"I had an employee who was 45 minutes late to work and he told me with a straight face that he had to wait for a family of ducks to cross the road, and that's why he was late."
You have to admire his chutzpah, don't you? I cracked up at this.
"A friend I had in high school..."
"A friend I had in high school wanted me to come with her to Texas to visit her brother. Presumably, he was in a gang and had a million guns and robbed banks all the time. As if I've never seen a Western before.
Also she's adopted. She has a foster sister, a foster mom, and a pet dog named Snowball. I've been to her house. She has no brother."
"A girl I went to high school with..."
"A girl I went to high school with was neurotic about grades and rankings, etc. During the college application process, she was rejected from a school that accepted one of my close friends. We were discussing the school after class one day and this girl said 'Yeah, they rejected me but sent a letter saying they did it because I should go somewhere better given how strong my scores and grades are.'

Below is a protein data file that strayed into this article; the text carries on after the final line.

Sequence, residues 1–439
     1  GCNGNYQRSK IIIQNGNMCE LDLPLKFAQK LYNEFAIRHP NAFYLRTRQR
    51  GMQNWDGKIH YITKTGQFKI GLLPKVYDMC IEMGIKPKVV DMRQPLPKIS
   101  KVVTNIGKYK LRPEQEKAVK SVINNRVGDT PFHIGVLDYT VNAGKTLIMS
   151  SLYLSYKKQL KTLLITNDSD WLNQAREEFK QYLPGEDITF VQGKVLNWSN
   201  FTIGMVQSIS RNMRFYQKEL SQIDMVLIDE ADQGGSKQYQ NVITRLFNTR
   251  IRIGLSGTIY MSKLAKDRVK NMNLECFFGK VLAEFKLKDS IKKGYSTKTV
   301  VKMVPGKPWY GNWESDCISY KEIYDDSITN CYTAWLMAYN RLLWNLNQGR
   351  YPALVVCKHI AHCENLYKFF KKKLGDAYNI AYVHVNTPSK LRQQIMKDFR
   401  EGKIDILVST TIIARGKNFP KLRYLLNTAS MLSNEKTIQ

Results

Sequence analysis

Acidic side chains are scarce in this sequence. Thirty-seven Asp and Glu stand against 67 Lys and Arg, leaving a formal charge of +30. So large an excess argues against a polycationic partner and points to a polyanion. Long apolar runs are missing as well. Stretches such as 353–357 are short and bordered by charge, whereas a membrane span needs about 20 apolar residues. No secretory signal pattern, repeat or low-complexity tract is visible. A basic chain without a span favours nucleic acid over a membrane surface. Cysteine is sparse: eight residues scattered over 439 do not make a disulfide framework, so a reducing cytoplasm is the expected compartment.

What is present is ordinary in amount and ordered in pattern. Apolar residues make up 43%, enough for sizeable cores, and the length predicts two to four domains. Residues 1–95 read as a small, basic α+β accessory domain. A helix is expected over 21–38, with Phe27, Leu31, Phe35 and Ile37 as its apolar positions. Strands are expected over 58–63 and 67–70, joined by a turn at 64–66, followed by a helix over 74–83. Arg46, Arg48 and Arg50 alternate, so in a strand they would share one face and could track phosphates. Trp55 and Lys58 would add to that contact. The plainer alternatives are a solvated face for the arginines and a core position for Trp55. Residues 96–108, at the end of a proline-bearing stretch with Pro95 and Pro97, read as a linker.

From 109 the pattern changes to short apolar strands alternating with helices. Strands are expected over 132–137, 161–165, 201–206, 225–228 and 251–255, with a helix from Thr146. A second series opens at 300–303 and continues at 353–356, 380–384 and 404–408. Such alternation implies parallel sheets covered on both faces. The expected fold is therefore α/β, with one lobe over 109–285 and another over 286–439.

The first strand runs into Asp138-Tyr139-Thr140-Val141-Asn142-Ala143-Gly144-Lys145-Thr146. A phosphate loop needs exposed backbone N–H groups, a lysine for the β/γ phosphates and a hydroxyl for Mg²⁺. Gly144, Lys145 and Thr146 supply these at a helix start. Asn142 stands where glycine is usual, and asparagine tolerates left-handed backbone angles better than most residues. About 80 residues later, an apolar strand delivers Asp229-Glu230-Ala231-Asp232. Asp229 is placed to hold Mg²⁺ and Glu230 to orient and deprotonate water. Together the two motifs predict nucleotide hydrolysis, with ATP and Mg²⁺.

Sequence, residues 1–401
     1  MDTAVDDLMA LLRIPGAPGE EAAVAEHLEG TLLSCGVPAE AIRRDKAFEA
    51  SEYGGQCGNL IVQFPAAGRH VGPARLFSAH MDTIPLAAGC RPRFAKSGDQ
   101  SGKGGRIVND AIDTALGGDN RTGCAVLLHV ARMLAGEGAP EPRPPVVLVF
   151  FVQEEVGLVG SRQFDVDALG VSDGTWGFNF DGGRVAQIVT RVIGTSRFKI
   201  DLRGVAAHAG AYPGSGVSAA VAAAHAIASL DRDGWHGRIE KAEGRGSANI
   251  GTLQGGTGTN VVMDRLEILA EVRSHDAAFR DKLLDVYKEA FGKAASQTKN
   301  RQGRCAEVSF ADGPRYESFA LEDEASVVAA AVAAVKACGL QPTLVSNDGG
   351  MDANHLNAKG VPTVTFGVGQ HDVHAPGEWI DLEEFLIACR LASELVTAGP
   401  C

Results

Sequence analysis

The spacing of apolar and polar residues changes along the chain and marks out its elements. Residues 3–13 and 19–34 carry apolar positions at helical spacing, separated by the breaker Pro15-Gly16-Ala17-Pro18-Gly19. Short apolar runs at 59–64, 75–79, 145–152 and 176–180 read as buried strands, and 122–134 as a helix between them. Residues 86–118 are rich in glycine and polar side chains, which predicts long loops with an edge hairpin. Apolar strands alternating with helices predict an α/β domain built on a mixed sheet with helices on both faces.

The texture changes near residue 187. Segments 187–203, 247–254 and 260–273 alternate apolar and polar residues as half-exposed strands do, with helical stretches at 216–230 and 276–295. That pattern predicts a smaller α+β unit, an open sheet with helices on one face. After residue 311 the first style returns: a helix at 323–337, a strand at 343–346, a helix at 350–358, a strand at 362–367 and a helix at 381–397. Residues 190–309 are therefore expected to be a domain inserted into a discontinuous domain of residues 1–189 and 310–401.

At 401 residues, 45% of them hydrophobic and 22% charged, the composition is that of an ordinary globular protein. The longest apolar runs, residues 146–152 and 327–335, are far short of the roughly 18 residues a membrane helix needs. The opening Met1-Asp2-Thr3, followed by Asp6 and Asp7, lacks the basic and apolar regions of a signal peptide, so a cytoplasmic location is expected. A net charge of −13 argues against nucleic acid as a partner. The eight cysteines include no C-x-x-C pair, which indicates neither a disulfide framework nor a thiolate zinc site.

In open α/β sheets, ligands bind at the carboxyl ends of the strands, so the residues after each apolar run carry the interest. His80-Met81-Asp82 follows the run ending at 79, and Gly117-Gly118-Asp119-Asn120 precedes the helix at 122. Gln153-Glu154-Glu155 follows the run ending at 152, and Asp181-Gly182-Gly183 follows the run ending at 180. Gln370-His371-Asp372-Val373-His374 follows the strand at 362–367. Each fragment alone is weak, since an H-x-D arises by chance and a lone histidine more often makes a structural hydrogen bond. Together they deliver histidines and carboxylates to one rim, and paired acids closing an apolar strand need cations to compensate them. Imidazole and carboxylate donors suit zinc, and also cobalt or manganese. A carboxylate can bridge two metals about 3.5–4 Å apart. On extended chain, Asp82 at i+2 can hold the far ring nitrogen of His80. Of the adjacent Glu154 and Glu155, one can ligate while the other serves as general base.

That was very nice of them!"
Very nice of them, indeed! You'd think they'd be tripping all over themselves to have her!
"The more he spoke..."
"A security guard that works at a grocery store I once worked at said that he had been in Iceland. I asked him about the penguins he saw. He blabbed on about species of penguins that he created on the spot and that he was stationed there for military purposes. The more he spoke, the more the lie snowballed."
Pathological liars can benefit from psychotherapy, which can pose its own challenges because the liar isn't in control of their lying and could begin lying to their therapist.
"Treatment will depend on what the person needs and what they respond to during therapy sessions," as noted by WebMD. "Finding a qualified, experienced therapist who can work with someone over the long term is the key to managing the condition.
If you or a loved one needs help, seek help today.
Have stories of your own? Feel free to tell us about them in the comments below.